UK Politics

Tory MP questions chairman's role on EU vote donations

Lord Feldman Image copyright PA
Image caption Lord Feldman is remaining neutral in the EU debate, says the Conservative Party

Tory chairman Lord Feldman has been accused of urging donors to give money to the campaign to stay in the EU.

Steve Baker, chairman of Conservatives for Britain, said Lord Feldman had admitted he directed donors to Britain Stronger in Europe in his "spare time".

Mr Baker said other cabinet ministers should now be allowed to help Vote Leave.

The Conservative Party said Lord Feldman would direct donors to the both the "in" and "out" campaigns.

It follows a row over whether cabinet ministers should be allowed to campaign for exit if, as expected, David Cameron gets behind the remain campaign.

In an article for The Daily Telegraph, Steve Baker wrote: "Lord Feldman, our chairman, has confirmed to me that he has directed donors to give money to the pro-EU BSE (Britain Stronger In Europe) campaign in a personal capacity and in his spare time.

"He also tells me that he will point people in the direction of the Vote Leave campaign, but they are yet to receive a referral from our party chairman.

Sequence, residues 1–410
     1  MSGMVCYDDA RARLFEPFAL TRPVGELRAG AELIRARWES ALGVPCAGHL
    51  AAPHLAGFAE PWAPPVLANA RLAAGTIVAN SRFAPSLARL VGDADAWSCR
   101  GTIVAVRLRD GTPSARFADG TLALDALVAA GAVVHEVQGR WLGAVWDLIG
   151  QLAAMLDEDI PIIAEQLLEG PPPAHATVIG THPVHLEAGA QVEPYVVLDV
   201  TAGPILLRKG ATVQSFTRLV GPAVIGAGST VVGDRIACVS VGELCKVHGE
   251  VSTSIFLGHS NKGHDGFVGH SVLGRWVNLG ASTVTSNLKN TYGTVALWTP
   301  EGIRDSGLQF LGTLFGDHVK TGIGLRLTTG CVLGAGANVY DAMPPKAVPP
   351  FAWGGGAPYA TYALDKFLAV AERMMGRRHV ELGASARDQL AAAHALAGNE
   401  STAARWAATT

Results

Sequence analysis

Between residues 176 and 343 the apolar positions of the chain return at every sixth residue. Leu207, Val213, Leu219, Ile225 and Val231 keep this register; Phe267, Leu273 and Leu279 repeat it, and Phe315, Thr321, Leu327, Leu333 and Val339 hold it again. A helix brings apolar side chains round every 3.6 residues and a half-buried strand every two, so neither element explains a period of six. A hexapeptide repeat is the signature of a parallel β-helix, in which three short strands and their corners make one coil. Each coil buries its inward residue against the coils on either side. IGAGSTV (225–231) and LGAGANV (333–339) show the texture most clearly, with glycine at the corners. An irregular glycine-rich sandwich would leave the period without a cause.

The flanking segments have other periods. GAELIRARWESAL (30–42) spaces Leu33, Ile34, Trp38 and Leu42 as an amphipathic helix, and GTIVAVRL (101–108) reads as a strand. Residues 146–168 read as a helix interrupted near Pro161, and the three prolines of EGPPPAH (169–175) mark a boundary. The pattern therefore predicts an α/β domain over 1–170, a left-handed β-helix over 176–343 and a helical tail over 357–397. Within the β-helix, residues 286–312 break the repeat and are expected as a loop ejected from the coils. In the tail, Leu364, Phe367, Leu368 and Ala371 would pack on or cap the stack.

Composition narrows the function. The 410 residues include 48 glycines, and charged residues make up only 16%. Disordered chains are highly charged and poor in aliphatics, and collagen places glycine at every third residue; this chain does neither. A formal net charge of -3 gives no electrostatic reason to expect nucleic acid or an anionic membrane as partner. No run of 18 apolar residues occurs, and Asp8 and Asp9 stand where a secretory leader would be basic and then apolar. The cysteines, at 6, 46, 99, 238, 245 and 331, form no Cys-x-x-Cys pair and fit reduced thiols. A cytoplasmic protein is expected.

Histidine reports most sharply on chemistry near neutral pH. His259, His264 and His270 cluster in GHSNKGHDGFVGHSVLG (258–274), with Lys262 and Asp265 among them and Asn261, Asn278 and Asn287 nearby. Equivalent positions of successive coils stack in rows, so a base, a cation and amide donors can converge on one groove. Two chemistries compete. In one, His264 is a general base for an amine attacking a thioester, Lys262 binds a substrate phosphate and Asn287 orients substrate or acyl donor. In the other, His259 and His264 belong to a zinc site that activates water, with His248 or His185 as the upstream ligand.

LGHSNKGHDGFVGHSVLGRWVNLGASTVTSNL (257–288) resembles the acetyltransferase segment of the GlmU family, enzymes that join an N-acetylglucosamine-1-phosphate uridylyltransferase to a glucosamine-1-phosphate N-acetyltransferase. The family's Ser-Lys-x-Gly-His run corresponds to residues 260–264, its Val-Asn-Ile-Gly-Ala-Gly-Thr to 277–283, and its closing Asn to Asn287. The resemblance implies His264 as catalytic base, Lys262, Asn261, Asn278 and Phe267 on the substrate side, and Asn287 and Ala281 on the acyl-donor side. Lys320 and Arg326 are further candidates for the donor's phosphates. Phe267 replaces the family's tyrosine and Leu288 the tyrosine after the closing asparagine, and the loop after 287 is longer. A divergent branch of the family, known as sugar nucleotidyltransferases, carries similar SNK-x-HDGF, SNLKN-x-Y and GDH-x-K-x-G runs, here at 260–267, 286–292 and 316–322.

"Lord Feldman is a member of the political cabinet... now he has admitted this new part time role, shouldn't the Prime Minster allow other cabinet members to help Vote Leave in their spare time?"

Image caption Steve Baker is a leading Conservative Eurosceptic

In a statement, the Conservative Party said: "Donors will call Lord Feldman to ask how to support both the 'in' and 'out' campaigns.

"Lord Feldman will simply direct them to the relevant people. It is up to the individual donors themselves to if they then choose to contact or support either."

BBC Political Correspondent Chris Mason said the spat offered an "insight into how carefully the prime minister has to manage the build up to the EU referendum - so it doesn't tear his party apart".

David Cameron is aiming to come back from a summit in February with a package of reforms to Britain's relationship with the EU, which he will then put to the public in a referendum.

But speculation is rife about whether senior figures in his cabinet will say the reforms are not good enough and join the campaign to get Britain out of the EU.

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